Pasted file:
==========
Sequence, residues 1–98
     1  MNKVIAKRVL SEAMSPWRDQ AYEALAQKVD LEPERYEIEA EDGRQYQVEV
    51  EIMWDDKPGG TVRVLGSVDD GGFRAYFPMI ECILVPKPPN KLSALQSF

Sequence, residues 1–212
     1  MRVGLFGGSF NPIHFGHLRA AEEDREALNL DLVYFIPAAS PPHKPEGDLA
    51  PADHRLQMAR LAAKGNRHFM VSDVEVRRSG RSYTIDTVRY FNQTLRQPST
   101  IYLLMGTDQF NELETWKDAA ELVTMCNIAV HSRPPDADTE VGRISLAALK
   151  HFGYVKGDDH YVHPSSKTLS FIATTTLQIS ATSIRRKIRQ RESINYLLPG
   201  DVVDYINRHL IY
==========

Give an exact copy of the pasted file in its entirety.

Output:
Sequence, residues 1–98
     1  MNKVIAKRVL SEAMSPWRDQ AYEALAQKVD LEPERYEIEA EDGRQYQVEV
    51  EIMWDDKPGG TVRVLGSVDD GGFRAYFPMI ECILVPKPPN KLSALQSF

Sequence, residues 1–212
     1  MRVGLFGGSF NPIHFGHLRA AEEDREALNL DLVYFIPAAS PPHKPEGDLA
    51  PADHRLQMAR LAAKGNRHFM VSDVEVRRSG RSYTIDTVRY FNQTLRQPST
   101  IYLLMGTDQF NELETWKDAA ELVTMCNIAV HSRPPDADTE VGRISLAALK
   151  HFGYVKGDDH YVHPSSKTLS FIATTTLQIS ATSIRRKIRQ RESINYLLPG
   201  DVVDYINRHL IY